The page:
In conversation withHans Ulrich Obrist,artistCharles Atlasreminiscesaboutstarting out in the NYCunderground drag sceneof the 1970s, andcollaboratingwith the likes of Merce Cunningham, Michael Clark, and Leigh Bowery.Reinterpreted through the lens of photographerCharlie Engman,his lexiconis oneof raw energy and omnivorous imagination, spanning from docu-fantasy to mathematics, from TV to TikTok.
Shot in Tokyo byMotoyuki Daifuon the occasion of hisDon't Follow Me Because I'm Lost Too!!tour,London-basedVEGYN is something of a prodigy, having produced music for the likes of Frank Ocean, founded his own record label, and doubled as a graphic designer. Here, hesits down for a chat withCyrus Gobervilleto explain how he remains level-headed in the oversaturated electronic music arena.
DJ Harveyhas been a fixture on the dancefloor since he started DJing in 1985, going all the way from the phoneless freedom of those anarchic acid house parties to gaining deity status as an early pioneer of the Balearic sound. CapturedbyAnton Gottlobat Ibiza’s legendary hotel and nightclub, Pikes, he flaunts his playboy style and carefree worldview, asThomas Gortonpicks his brain on the future of dance music.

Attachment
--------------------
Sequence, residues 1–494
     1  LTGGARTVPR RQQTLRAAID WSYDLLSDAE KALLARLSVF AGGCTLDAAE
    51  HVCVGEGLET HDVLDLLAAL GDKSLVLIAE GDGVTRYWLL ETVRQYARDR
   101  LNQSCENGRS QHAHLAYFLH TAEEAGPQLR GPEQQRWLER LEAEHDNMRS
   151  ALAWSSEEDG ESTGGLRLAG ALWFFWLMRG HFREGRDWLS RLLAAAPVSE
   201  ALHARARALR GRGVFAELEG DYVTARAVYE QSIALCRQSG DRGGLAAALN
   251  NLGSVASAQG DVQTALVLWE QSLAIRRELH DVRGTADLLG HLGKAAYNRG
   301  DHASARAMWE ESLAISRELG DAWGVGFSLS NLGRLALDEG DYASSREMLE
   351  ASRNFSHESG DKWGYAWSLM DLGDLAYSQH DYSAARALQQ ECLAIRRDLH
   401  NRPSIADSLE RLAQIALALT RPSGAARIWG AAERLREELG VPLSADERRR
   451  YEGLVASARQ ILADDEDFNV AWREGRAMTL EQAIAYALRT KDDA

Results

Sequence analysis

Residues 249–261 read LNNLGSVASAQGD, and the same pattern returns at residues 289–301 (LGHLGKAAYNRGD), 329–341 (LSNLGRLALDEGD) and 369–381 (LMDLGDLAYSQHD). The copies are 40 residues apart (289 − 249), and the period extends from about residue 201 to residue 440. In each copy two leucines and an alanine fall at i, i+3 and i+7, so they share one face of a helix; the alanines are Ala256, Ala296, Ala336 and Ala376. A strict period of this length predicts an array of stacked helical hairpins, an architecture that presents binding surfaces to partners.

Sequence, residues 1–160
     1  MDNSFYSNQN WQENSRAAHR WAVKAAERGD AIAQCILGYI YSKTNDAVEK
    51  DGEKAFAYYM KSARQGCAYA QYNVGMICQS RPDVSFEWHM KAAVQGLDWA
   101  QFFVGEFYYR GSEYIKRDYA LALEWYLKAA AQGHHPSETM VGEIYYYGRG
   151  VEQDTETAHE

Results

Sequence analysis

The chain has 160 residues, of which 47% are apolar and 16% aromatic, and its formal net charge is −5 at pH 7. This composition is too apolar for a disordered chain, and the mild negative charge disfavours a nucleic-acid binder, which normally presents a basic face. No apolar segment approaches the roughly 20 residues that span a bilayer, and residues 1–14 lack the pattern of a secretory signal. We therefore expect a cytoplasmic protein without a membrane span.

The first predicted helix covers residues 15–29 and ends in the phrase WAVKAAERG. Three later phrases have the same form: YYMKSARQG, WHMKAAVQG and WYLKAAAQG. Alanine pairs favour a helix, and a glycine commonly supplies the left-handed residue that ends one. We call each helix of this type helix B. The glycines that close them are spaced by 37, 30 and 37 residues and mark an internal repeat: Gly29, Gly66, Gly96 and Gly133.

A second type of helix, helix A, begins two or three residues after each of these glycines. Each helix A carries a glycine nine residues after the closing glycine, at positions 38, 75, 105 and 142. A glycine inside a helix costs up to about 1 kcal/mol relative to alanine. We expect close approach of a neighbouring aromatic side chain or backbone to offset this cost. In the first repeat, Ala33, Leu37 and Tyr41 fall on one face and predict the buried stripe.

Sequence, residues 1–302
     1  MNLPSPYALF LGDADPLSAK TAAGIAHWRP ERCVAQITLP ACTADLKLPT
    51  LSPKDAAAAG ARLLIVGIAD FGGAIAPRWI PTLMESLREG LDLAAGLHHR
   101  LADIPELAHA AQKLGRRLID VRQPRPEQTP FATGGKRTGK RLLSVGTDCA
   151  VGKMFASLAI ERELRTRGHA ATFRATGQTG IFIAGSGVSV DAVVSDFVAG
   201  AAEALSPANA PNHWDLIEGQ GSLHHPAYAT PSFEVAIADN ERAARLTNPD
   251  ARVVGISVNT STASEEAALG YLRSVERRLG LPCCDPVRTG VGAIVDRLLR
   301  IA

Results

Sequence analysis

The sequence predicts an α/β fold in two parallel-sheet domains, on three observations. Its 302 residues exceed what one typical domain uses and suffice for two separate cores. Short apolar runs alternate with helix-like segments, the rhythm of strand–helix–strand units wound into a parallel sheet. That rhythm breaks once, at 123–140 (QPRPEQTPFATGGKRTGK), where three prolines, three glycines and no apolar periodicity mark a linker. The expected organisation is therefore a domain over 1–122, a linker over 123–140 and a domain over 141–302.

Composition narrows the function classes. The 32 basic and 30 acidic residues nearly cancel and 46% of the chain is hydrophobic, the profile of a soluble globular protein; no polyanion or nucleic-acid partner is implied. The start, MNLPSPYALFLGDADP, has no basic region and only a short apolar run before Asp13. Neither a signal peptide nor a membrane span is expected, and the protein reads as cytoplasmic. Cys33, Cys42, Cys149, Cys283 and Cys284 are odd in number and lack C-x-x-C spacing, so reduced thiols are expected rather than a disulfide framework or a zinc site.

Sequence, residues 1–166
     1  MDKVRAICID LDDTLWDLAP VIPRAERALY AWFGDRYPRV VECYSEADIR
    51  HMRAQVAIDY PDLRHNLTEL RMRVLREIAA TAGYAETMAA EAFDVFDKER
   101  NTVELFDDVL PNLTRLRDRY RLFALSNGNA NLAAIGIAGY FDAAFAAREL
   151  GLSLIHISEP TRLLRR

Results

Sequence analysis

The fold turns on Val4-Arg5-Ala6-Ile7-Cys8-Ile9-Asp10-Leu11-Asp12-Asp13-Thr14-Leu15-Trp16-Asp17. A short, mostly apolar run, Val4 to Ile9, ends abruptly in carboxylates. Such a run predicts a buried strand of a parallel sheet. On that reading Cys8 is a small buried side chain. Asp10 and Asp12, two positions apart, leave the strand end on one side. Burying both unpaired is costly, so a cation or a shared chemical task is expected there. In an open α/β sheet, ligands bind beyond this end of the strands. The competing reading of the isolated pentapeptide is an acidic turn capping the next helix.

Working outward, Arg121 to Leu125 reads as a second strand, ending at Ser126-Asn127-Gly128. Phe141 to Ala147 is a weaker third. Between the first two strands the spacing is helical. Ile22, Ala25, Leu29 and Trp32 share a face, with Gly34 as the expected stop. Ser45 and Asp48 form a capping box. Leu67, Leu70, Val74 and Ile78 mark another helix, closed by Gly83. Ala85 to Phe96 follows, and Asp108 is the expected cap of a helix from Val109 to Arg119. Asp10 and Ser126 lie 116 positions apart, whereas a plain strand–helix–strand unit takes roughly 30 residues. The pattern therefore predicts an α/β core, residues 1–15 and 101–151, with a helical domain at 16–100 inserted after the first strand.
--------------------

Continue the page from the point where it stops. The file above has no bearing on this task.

No longer referring to the stuffy, old-moneyed, exclusionary world it once represented, the term“preppy”is undergoing something of a renaissance. In a bootleg, updated version of the ironic“OfficialPreppy Handbook” from the 1980s, featuring photography byTim Schutsky,we reclaim Prep style for a new dapper class, appropriating not just the dress but the full package of mannerisms, signifiers, and curated experiences—to very different ends.
Formerly known as boychild, a moniker that embraced myriad explorations at the fringes of being human,Tosh Basconow returns to a vulnerable, fleeting, porous self.Captured byLee Wei Sweeand interviewed byX Zhu-Nowell,she describes her improvisation-based performances as a mode of survival and world-building—a subtle testament to the ungraspable nature of living, stemming from feelings of non-belonging and erasure.
A special, limited-edition cover story provides a cultural reading of the work ofMark Floodfrom the’90s to recent years, as he continues to probe the basic precepts and structures of the art world—or, as he puts it, to"fuckthe frame." In conversation withPatrick McGraw, the Houston-based artist discusses ideas of irony, performativity, and ownership in an increasingly appearance-based world.